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This is basically Heat the Cliff Notes edition. I know most modern audiences have probably never seen Heat, but Den of Thieves will do nicely as a smaller and more sellable version. Its plot is fairly well done, the shootouts aren’t too flashy, but are well choreographed and the performances all work. This is actually directed by the guy who wrote London Has Fallen and it’s way better-so if Angel Has Fallen sucks later this year, watch this for cheap instead.

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Ok, so this movie has dumb parents mad about nothing because despite this movie being sold as “Dark Jungle Book”…they’re complaining it’s a dark Jungle Book film. I’ve been wanting to see this ever since it and the Disney remake were both announced. The Disney remake was big, but in all honesty is REALLY forgettable considering the original and the money they spent. This version directed by/starring Andy Serkis is a lot more interesting and has this bigger universe feel without needing to show it. The cast is more interesting, its Mo-cap performances live a more interesting impression and the characters are more nuanced. Some scenes are genuinely tense and I’ll always appreciate a bold auteur take over the safe bet that leave no impact. Check it out on Netflix if you’re curious.

Between seeing Upgrade a few weeks ago and now-writer and director Leigh Whannell (Co-creator of Saw and Insidious) has been assigned to write the remake of Escape from New York and direct/write the remake of The Invisible Man…impressive. Upgrade is a pretty awesome little junky sci-fi film that feels like the kind of direct to video stuff Cannon Films or Full Moon would’ve released in the early 90’s to capitalize on Robocop and its sequels. I know Venom was a similar comparison with the trailers, but it’s really not the same. Upgrade is more akin a gritty sci fi thriller like Elysium while Venom is pulling the “Monster Inside” gambit. The robotically enhanced fight scenes are amazing to see-like the bullet time effect in The Matrix or the First Person perspective in Hardcore Henry. There’s also the twist that kind of makes the movie feel like a soft Ghost in the Shell type film that I’m mixed on…but it’s still kick-ass so watch it.


Probably the only film I want to borrow someone’s Netflix for this year. From Dan Gilroy and Jake Gyllenhaal (The minds who made the perfect Nightcrawler) comes one of the craziest looking horror films in a while. I hope it’s good as Netflix horror films (The Ritual, Apostle, Annihilation) are all great. It looks great, the trailer confused me at first but then the game was revealed and I went “Oh…” Yeah this looks fun.

Delayed for almost a year, now coming out and I’m still pumped for this 200 million manga adaptation by James Cameron and Robert Rodriguez. It looks great, could have a really strong female character push and could set the standard for manga/anime adaptations with Naruto and Attack on Titan around the corner.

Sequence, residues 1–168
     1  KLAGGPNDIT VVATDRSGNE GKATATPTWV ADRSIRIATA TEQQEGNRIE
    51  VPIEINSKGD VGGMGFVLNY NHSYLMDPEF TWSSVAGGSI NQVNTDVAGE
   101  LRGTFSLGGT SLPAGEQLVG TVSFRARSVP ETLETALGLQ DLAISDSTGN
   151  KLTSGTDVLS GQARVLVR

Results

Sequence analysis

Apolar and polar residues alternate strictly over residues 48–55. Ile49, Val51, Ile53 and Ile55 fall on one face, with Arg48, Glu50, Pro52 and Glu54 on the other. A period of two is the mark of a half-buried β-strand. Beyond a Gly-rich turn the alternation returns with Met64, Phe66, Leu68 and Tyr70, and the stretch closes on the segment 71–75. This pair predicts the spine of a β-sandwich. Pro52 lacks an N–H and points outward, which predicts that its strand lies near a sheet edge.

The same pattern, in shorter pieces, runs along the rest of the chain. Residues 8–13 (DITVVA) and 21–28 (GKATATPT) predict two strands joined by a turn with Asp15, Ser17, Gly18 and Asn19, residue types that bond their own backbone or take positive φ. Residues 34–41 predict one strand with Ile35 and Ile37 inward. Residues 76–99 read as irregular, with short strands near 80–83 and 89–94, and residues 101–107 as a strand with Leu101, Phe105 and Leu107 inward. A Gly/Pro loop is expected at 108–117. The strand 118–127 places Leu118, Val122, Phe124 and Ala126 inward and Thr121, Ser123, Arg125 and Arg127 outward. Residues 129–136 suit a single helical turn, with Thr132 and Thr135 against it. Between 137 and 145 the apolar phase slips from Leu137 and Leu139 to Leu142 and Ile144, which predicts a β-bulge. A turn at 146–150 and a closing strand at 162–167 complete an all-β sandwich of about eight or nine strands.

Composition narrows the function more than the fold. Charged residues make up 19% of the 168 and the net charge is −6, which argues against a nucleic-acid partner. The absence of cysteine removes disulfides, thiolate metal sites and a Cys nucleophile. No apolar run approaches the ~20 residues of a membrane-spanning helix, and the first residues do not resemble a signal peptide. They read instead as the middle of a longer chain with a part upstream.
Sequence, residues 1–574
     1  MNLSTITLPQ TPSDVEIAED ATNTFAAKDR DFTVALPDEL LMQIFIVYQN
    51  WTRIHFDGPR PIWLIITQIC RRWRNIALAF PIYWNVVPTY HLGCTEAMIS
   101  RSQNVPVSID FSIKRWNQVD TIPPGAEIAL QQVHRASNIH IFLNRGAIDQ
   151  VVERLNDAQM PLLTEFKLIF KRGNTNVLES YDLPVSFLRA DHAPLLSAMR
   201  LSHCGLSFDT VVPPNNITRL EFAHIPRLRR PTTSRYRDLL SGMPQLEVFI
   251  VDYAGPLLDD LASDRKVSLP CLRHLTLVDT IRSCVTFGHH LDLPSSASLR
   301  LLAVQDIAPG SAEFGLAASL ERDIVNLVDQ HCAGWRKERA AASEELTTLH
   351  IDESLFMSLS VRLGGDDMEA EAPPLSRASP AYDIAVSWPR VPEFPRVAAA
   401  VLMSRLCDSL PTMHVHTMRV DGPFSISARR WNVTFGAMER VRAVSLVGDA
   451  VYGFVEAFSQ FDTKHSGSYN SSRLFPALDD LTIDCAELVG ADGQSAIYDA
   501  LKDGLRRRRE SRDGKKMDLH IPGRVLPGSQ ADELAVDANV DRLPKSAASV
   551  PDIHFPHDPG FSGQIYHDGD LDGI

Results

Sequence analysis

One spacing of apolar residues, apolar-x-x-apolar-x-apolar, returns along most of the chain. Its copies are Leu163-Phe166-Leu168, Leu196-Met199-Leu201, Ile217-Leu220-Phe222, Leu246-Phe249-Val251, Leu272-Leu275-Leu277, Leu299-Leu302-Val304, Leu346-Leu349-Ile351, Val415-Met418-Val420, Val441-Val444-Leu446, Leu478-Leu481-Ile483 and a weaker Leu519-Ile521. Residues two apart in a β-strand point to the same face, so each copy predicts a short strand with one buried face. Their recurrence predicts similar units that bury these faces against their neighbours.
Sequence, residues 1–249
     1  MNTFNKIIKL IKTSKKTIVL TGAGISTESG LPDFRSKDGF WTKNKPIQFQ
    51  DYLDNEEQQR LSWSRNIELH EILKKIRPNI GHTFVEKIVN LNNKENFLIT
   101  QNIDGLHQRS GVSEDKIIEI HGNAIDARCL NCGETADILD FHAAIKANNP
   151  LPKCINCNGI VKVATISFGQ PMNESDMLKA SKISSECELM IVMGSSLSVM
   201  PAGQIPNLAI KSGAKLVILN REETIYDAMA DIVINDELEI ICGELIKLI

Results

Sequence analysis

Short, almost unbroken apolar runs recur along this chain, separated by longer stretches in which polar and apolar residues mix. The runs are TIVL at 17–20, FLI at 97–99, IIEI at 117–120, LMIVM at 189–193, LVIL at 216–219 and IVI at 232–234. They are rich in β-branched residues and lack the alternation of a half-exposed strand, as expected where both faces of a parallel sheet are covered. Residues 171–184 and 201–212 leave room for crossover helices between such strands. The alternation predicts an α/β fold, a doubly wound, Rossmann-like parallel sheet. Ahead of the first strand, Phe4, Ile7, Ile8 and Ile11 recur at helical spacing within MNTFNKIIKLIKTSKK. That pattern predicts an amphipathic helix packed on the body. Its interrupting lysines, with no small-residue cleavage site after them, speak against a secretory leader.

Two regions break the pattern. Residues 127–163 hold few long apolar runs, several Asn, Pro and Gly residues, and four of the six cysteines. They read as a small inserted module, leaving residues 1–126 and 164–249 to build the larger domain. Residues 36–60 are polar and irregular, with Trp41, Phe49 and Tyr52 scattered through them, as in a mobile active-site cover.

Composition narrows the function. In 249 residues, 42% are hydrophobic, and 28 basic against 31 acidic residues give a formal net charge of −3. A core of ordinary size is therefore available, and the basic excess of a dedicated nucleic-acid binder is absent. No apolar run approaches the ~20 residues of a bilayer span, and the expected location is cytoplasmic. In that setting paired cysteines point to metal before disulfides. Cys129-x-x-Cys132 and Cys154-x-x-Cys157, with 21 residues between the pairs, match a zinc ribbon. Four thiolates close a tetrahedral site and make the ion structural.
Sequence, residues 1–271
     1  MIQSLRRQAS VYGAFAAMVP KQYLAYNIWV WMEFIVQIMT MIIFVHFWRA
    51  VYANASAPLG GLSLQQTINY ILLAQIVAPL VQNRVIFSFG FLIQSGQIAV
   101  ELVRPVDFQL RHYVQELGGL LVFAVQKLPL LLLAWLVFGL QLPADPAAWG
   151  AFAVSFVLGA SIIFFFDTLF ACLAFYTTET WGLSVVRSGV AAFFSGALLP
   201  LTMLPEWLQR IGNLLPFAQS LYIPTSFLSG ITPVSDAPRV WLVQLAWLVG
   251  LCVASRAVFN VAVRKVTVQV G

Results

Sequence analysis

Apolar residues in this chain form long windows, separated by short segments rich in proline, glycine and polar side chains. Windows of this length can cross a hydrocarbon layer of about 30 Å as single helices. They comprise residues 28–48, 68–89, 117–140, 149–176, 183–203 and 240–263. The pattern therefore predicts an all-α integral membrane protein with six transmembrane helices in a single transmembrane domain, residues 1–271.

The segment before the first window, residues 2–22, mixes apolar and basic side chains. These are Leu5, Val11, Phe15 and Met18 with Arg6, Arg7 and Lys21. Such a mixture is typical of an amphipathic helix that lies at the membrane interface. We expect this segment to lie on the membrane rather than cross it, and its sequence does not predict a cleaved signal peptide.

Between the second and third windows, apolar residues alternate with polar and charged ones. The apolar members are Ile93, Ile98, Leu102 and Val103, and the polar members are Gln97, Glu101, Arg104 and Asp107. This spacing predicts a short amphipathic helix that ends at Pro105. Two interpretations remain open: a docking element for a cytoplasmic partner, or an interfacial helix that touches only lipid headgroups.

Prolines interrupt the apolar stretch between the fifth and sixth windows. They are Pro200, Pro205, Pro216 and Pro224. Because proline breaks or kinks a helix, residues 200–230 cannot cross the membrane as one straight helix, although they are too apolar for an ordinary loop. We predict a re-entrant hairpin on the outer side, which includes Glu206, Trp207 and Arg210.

Initially I was uninspired…then I saw the Sonic the Hedgehog poster and took it back. This could be a Who Framed Roger Rabbit for this modern audience, give the video game/movie curse a full lift and just looks fun.

I know, I’m sad too Del Toro’s Hellboy trilogy won’t be achieved…but this look awesome. A fun, ridiculously silly, Thor Ragnarok style action romp. “Closer to the comics” doesn’t concern me. I just like the cast and the director (Dog Soldiers, The Descent, Doomsday, Centurion, Game of Thrones).

Quinten Tarantino’s star filled fictional story about the Manson murders…yeah I’m down for that.

Please don’t listen to the toxic fans JJ. I don’t need backstories for Snoke, Phasma or Knights of Ren. I don’t need Rey and Finn to be related or anything. I just need a good story that’s fun and progresses the Star Wars universe for new creators to take it.

This project sounds super interesting. Nigthcrawler/Taxi Driver style superhero story with one of our best/strangest actors as one of the most famous movie villains. I’m hoping DC embraces just having different universes and if they want to try Infinite Earths of Flashpoitn to smash things together, it’s fine.

I like It a lot more than I’d thought. A well made, scary film and the sequel sounds like it could be just as great-if not better. Plus I need to monitor director because he’ll be doing Attack on Titan next.

Avengers Infinity War was awesome. It’s sequel was destined as one of the most anticipated films of all time. Endgame could a revolution, it could by fan service tripe…but I’m interested nevertheless.

Godzilla and Kong Skull Island were awesome, I’m loving the kaiju boom at the moment (Pacific Rim, Rampage, The Meg) so I want this to be good the most. Godzilla, Rodan, Mothra and King Ghidorah come together in a giant blockbuster film for what could be the greatest Kaiju showdown since the Hong Kong battle in Pacific Rim. Even if every other film on this list sucked-I would be happy if this one didn’t.